Lauren marveled over the awfulness of Hiyashi’s Karaoke singing, and the obvious fact that his drunken behavior had no effect in diminishing his stature with the men he was obviously in charge of. The Asian mentality was, in many ways, inscrutable compared to western cultural norms. Sergeant Yee, on the other hand, never lost his cool, never became embarrassingly inebriated even though his men often did. When Lauren got home his wife was waiting up, which was uncommon.
“Everything okay?” he asked, wondering about her state of mind, the kids, and all the other things that might have gone wrong since he’d last seen her. Their family life was held together by lies and worry, layered over with a good bit of fingernail grappling a tiny dose of tolerance to hang on to the shreds of survival they might have left.
“What happened?” she asked back, sitting on the main couch, gazing out over the light show along the Kalanianaole Highway, the traffic headed over the lagoon bridge and heading toward Koko Head.
“Hiyashi was there,” Lauren replied, “I think your analysis of the situation was accurate, as he basically admitted it by stating that he thought it was a mistake to select me for the role.”
“What’s he going to do?” Sharon inquired, after a moment of thought.
“I asked for a meeting of everyone involved. I told him I have a plan. I said their plan wouldn’t work because I wouldn’t let it work, even it that meant violence.”
Lauren sat at the opposite end of the couch, the distance between him and his wife symbolic of how things had gone since the incident. The distance between them had grown.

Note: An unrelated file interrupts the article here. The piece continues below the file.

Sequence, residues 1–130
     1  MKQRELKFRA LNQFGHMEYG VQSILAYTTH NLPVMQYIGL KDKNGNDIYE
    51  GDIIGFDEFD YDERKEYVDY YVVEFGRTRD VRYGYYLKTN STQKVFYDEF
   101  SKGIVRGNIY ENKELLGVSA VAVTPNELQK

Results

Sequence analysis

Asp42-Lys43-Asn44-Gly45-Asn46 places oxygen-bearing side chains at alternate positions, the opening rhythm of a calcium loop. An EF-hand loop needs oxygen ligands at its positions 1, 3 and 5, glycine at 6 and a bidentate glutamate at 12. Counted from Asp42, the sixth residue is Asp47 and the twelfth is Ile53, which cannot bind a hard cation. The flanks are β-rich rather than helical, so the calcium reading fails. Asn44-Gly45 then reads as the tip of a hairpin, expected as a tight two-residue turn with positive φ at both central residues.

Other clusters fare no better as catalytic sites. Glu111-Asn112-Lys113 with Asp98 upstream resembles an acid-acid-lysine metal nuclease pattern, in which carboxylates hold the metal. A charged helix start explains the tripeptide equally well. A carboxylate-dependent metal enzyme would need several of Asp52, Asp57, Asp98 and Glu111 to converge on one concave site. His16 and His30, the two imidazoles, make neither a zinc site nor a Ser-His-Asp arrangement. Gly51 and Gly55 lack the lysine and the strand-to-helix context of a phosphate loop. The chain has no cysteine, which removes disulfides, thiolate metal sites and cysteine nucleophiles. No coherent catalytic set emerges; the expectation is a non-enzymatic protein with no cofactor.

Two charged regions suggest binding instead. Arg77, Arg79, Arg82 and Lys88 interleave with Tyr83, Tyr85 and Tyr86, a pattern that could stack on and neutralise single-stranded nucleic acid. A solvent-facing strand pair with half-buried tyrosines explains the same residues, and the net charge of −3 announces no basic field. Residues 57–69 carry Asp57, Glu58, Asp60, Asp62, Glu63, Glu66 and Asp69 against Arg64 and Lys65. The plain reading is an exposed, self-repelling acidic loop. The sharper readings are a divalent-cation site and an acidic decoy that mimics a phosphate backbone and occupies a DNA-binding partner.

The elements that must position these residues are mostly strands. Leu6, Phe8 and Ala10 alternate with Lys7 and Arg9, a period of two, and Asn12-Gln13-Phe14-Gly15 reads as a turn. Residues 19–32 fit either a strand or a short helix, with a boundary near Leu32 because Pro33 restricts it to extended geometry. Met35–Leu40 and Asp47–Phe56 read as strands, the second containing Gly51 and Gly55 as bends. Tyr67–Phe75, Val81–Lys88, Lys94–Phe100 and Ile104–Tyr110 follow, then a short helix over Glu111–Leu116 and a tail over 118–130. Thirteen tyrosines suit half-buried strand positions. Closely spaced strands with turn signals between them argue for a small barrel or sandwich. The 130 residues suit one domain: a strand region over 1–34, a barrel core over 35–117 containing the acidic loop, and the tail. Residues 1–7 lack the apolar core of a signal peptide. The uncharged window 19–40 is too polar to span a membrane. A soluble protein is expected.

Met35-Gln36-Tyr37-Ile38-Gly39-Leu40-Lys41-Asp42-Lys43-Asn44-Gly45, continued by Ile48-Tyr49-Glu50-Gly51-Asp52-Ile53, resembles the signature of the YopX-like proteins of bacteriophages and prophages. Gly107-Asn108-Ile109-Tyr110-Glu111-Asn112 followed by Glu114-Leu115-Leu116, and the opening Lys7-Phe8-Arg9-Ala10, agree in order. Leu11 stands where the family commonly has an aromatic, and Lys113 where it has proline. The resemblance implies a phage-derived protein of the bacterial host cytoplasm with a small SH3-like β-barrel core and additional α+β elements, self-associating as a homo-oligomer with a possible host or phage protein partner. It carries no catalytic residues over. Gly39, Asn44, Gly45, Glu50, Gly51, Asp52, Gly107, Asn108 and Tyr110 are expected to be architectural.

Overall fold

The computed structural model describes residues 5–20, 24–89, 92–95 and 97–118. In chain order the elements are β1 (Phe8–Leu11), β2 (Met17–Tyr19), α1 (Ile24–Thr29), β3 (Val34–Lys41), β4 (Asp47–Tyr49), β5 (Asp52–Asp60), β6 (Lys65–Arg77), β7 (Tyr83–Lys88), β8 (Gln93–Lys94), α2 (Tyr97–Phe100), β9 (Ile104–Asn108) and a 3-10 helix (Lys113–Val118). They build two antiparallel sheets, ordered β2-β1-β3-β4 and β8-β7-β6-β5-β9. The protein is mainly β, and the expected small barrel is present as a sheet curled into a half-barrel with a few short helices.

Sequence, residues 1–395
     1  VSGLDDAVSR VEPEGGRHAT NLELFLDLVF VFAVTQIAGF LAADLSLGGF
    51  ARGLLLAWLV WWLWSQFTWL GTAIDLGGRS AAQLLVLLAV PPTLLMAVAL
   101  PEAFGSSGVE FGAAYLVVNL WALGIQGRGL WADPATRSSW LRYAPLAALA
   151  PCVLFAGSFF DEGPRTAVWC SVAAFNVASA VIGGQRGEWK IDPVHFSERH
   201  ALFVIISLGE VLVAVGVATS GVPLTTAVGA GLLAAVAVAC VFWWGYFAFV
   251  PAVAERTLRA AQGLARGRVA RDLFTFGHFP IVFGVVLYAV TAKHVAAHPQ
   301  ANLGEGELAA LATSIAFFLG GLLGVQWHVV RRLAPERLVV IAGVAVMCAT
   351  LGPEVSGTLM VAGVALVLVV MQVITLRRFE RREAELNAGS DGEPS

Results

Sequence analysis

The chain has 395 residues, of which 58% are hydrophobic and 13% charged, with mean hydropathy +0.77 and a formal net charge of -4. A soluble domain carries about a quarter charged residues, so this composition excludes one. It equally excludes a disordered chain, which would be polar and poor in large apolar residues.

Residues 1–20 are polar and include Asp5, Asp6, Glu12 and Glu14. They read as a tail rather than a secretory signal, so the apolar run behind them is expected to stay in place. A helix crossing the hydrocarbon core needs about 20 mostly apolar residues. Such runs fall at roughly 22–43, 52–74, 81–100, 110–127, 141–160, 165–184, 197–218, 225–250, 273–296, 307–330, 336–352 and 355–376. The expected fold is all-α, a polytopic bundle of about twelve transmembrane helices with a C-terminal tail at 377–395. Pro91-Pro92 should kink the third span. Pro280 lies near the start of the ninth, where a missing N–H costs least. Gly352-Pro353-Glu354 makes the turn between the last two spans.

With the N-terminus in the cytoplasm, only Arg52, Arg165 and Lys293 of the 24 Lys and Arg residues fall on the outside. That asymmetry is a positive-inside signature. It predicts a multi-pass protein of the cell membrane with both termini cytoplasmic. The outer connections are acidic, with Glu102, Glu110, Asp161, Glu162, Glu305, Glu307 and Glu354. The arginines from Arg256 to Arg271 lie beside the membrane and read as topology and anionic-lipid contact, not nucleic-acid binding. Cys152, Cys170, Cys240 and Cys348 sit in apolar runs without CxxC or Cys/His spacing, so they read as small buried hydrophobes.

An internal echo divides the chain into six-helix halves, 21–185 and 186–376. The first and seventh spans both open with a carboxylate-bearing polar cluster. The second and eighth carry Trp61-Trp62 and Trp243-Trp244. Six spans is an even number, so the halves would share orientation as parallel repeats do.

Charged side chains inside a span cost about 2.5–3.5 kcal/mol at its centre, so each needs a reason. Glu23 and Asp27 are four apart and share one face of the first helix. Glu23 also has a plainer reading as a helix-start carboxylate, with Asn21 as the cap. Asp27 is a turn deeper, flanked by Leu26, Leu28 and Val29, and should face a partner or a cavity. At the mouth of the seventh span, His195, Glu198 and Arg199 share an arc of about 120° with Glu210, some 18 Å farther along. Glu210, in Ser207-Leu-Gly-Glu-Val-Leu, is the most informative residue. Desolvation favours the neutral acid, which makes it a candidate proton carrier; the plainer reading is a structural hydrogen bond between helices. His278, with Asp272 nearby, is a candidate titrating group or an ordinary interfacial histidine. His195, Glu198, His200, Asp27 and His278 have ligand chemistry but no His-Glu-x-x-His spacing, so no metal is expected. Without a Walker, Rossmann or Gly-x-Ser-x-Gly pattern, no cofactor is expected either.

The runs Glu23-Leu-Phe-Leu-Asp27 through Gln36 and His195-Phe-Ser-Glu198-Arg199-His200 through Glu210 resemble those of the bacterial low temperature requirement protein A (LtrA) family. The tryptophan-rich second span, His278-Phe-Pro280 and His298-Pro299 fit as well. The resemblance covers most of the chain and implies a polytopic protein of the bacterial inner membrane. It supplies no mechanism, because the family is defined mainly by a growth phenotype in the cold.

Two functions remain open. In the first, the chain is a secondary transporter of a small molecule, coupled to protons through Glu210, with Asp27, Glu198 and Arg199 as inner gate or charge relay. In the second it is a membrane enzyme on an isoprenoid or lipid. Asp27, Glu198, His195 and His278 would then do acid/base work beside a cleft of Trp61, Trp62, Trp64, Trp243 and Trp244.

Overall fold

“What’s your plan and where’s this meeting supposed to take place?” She asked.
“Well, I kind of wanted to talk that over with you,” he said. “Instead of having Shapiro wasted and then blaming his death on me, barring what plans or agreements Shapiro has in place already, why not bring him in from the international water corridor that runs between Molokai and Oahu. Except, once he stops his yacht there, we don’t bring him in at all. It’s sixteen thousand feet to the bottom of the trench. Submersibles can get down there but no divers. The wreck can’t be raised except for the kind of money the U.S. would only spend on a nuclear submarine or warhead. If the yacht was put down properly, parked with the deck up, then there’s no way any inquisitive submersible could tell anything about anything.”
“What international corridor?” Sharon asked.
“Twenty miles offshore is as far as U.S. waters extend from the shore of each island in the Hawaiian chain,” Lauren told her, “the Molokai Express current runs through that wide channel. Out beyond that channel, twenty miles or so, is International waters. The Navy, Coast Guard, and even local police can’t interdict any boat or ship beyond the twenty-mile limit. They can provide emergency assistance and enforce fishing violations, but that’s it.”
“You’re missing something,” Sharon stated, her tone unequivocal and flat.